Meridian Magazine Review – Volume One

True Miracles with Genealogy

New Book Collects Family History Miracles

Carol Kostakos Petranek

Reviewed by Carol Kostakos Petranek

One of the joys of writing this column is the opportunity to identify and reflect upon the miracles that unfold as we earnestly engage to seek our ancestors. All too often, these remain “untold miracles” as there has not been a readily accessible venue to share the faith-promoting events that bolster our testimonies and guide our research. But now — thanks to Anne Bradshaw — this has changed.

For forty-six years, Anne, a convert to The Church of Jesus Christ of Latter-day Saints, has been researching her family. “Genealogy was one of the amazing new concepts in which I took great interest. I loved the idea that everyone who ever lived could be linked into families,” she recalled. “It was much harder in the early1960s to gather and compile information on paper, not on computers. But fascinating. I’ve never stopped searching for family names.”

Anne’s love of family history and her zeal to capture the miracles has resulted in an inspiring book, True Miracles with Genealogy. “It saddened me that many genealogy stories were lost because they weren’t recorded and shared,” she said. “I loved the ‘Family History Moments’ column in the Church News and often thought how much I’d like to read books full of them. Eventually I decided it was time to compile the book that I had always wanted to read.”

Anne’s personal miracle

One of Anne’s personal miracles resulted in her finding a “lost” member of her father’s family. Here is her story:

My great-grandfather, Alfred Tozer, was born in 1844 in London, England. According to my dad, Alfred and his wife, Sarah Whall, had seven children. I found details for six but despite much searching, clues about their daughter, Lillie, did not seem to exist. I knew Sarah was born in Soho, London, in the late 1800s but not one descendant of the other six children had further information. Lillie’s name lodged in my mind, but I didn’t know where else to explore.

One Sunday evening in 1986 when we were living in England, a “true miracle” occurred. A woman named Winifred Strange had been listening to an interactive radio program, Sunday Soapbox, and called in to ask if anyone knew about her mother’s family. She had no idea who her relatives or ancestors were. She gave her mother’s maiden name as Lillie Tozer, born 1885, Soho, London, England.

At that exact moment, my distant relative, Derek Styles, was listening to the same program. Derek and I had previously corresponded about my great-great-grandmother, Emma Scarfe Whall, whose daughter, Sarah Ann, had married Alfred Tozer — Lillie’s father. When Derek heard Winifred’s request on the air, he remembered the Tozer name, called the radio host, and gave my name and number.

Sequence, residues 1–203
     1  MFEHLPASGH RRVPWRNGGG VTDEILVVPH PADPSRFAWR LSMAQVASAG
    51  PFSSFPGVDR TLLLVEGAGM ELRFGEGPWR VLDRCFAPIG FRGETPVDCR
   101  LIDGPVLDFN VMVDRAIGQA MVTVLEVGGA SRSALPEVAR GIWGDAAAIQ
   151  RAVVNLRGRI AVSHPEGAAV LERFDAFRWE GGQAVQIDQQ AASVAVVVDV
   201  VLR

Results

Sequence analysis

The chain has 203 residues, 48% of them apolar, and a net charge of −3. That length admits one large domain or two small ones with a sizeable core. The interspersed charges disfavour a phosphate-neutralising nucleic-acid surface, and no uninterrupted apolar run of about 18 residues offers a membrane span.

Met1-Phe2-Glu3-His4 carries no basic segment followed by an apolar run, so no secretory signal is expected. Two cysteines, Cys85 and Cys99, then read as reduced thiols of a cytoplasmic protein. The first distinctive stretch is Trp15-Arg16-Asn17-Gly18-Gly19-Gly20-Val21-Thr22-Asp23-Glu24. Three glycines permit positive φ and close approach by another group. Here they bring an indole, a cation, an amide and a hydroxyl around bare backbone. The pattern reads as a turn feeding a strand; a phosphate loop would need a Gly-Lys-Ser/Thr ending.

An excited Winifred immediately called me, and we shared information that filled gaps for both of us. Then came the fun part. Upon marriage, Winifred’s surname became Collins. She also changed her first name to June. She and her husband named one of their boys Phil, now famous around the globe for his musical talent. Another son, Clive, is also renowned for his award-winning artistic skills as a magazine and newspaper cartoonist. Their daughter, Carole, made a name for herself with her skating achievements.

Two people (one seeking and one remembering, both listening) + one radio show = Anne’s miracle. What are the odds that this was serendipity or circumstance?

Knowing the answer, Anne began collecting narratives. “I put out requests for stories on many social websites, including Facebook. Once the initial call went out, friends began telling others and the story gathering took on its own momentum,” she said. “I began compiling seriously at the beginning of 2010. The more stories I received, the more fascinating and compelling it became to keep going.”

President Henry B. Eyring

And going it is. The True Miracles blog and its companion Facebook page will continue to feed those who hunger for more. The words of President Henry B. Eyring will continue to prompt us to record and remember:

I heard in my mind — not in my own voice — these words: “I’m not giving you these experiences for yourself. Write them down.”….Before I would write, I would ponder this question: “Have I seen the hand of God reaching out to touch us or our children or our family today?”.…As I would cast my mind over the day, I would see evidence of what God had done for one of us that I had not recognized in the busy moments of the day. As that happened, and it happened often, I realized that trying to remember had allowed God to show me what He had done.[1]

Not limited to prophets

Spiritual experiences are not limited to the pious or the prophets. People of all nations and denominations can and will recognize the hand of God in their lives when they are about His work. Surely, knowing that our ancestors live beyond the veil is part of the “good news” of the gospel of Jesus Christ. Finding them is engaging in His work.

“I have an internal fire that burns to share good news,” Anne related. “Knowing that this life isn’t the end, and that there really is a spirit world beyond the veil where ancestors know their family members, and want to be found and joined to them, is wonderful news.”

About the reviewer

Carol Kostakos Petranek is one of the Directors of the Washington DC Family History Center and a Volunteer at the National Archives in Washington, D.C.

Footnote

[1] Henry B. Erying, “O Remember, Remember,” Ensign, Nov 2007, 66 – 69


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